Inevitably, around 8 or 9pm, that text bubble pops up on my screen with my neighbor’s name and a little question: “Small triumph today?”
Sometimes I have to scan my day to find it—oh yeah, I figured out how to return that package that’s been sitting by the door for weeks. Sometimes it is sitting right there on the crimson meat of my tired heart—I apologized to my kid after yelling at her. Always, it is a gift to be asked.
I’ve been thinking about this little ritual lately as a clue to something larger I am learning about human evolution (not the ape-turning-into-man kind, but the-woman-becoming-ever-more-of-her-brave-and-true self kind). The older I get, the smaller my most sacred moments of growing up become.
When I was younger, growing up was dramatic and often visible. It was theatrical heartbreak; my junior high boyfriend actually spread rose petals and placed a note dumping me on my bed while I was out of town once. It was measurable achievement; passing the driver’s test, winning the award, walking across graduation stages. It was delicious rebellion; publishing my righteous letter declining my debutante invitation in the high school newspaper.
Now that I’m 41, growing up is none of these things. It’s quiet and sober. It takes place, not on stages, but on masked walks in the neighborhood and in my living room at 9pm. It’s subtle on the outside, transformational on the inside. It’s much more corporeal than it used to be. Much more intimate with humility. More more patient. Much funnier, now that I think about it. This trying to be a grown up thing is so tragic and so hilarious.
It’s sitting with my discomfort that I can’t fix things for the people I love the most. It’s watching how dumb I am at doing anything other than fixing. It’s having compassion for that, and also not letting myself off the hook for getting better at sitting with my people’s pain.
It’s telling a friend that she hurt my feelings when she hid a part of herself from me; it’s asking her if there’s something I am doing that I can shift, so that she feels safer in showing up as her whole self with me.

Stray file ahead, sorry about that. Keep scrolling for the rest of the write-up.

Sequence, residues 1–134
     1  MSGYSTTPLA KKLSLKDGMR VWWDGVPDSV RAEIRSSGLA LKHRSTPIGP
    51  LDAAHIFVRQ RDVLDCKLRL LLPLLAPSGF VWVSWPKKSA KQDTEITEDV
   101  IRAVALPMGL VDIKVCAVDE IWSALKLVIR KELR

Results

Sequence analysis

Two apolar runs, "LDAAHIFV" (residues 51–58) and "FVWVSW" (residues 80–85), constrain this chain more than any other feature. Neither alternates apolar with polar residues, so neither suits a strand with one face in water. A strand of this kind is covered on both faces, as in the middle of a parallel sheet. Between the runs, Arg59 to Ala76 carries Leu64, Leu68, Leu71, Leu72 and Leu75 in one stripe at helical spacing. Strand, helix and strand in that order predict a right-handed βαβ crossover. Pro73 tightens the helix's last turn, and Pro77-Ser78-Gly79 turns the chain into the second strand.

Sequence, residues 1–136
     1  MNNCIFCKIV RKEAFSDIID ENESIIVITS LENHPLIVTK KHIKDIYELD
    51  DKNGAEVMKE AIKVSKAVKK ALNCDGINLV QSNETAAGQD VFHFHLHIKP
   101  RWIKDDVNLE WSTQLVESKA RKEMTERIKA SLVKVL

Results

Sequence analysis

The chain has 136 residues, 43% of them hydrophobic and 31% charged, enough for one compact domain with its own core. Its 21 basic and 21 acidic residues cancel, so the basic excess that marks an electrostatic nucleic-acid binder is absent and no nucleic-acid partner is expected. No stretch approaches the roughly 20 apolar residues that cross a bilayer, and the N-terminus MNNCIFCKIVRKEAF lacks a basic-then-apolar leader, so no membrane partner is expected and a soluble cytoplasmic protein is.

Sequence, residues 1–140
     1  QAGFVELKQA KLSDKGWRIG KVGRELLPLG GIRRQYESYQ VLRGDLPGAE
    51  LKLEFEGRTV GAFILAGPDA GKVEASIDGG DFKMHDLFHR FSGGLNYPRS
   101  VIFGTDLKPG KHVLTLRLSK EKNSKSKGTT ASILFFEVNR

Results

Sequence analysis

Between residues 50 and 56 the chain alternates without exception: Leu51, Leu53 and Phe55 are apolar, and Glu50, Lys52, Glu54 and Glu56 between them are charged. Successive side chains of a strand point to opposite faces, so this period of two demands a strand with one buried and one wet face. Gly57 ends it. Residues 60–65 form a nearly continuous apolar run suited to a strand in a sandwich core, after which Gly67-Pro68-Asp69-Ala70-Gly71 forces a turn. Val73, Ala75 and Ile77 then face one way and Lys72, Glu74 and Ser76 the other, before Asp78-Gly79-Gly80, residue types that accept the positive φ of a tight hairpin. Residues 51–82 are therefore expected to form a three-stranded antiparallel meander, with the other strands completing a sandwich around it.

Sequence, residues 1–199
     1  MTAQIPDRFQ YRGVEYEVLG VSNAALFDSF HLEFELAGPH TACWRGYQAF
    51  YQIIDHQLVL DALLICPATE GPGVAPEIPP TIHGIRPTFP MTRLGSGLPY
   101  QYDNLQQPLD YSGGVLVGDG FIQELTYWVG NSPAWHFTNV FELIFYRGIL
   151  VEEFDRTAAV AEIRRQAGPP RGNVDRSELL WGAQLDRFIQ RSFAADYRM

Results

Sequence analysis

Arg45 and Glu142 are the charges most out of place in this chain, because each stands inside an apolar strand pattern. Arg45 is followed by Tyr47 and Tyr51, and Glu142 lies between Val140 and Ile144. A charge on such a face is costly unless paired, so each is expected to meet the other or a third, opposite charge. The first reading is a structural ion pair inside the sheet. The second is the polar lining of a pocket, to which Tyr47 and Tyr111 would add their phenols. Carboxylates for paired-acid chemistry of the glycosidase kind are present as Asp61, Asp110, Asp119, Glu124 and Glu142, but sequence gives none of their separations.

It’s watching what’s going on inside my body when someone says something that makes me defensive, and getting curious about it rather than hijacked by it. Huh, there’s heat in my chest. My peripheral vision is narrowing. What’s up with this? What’s up with me (not him)?
It’s hearing the bitter, old cowgirl (I come from Western, working class women) in my brain tell me that resting and asking for help is for debutantes, not women like us, and telling her that she’s kind of an asshole, and maybe also falling for the myths of agro-capitalism, all while acting like she’s just really rugged and independent. I like her style, but not her cruelty or obsession with getting it done.
It’s walking away from cheap drama and towards genuine, growth-producing disagreement.
It’s forcing less, wanting something, but trusting the universe’s divine timing and then, and this is really important, taking great pleasure in the thing when it arrives.
It’s attending to my story, but also leaving lots of blank pages for surprise.
It’s feeling the weight lifted from my shoulders when I depersonalize, decenter, de-everything. I’m just a person. No more special or capable than any other person, no matter what my ego might tell me when I’m high on helping.
It’s learning to roast beets. It’s flossing my teeth for a month and a half now. It’s valuing sleep and hot showers.
It’s learning to say, “It’s going to take me a minute to process. Can I get back to you?” before answering. It’s answering no when I mean it. It’s answering YES! when I mean it (and getting to enjoy the emphatic quality of that honest exclamation.)
It’s learning the names for different kinds of trees. It’s learning the names for different kinds of love.
It’s knowing there is nothing original to say, and not worrying so much about saying it anyway. I’ve only got this one life to tell you what I’m noticing. Maybe it will be helpful to you. Maybe it won’t. It’s worth the effort to marvel at the surprising texture of maturation either way.
This spoke deeply to me and my state of being, Courtney. At 68, during this past year, I have been experiencing many similar experiences as you wrote about. They continue to be a combination of painful, enlightening, and deeply humbling. I have wished I could have undergone this transformative process earlier in my life, instead of just charging through in my own coping way. However, I am also trying to have compassion for myself, and forgive myself for not working on this a long time ago. In fact, I thought I had been working on it- very enlightening to learn how much about myself I hid from my conscious self. Anyway, thank you for writing this. I feel less alone in my journey after reading it. I also feel buoyed up by your words to keep working on growing up and embracing life and all it brings.
Wow. I read this in the middle of a super busy work day and while I don't have time (ha) to put more thoughts into these words all I can say is that they stopped me in my tracks. How boring and beautiful and fascinating aging is....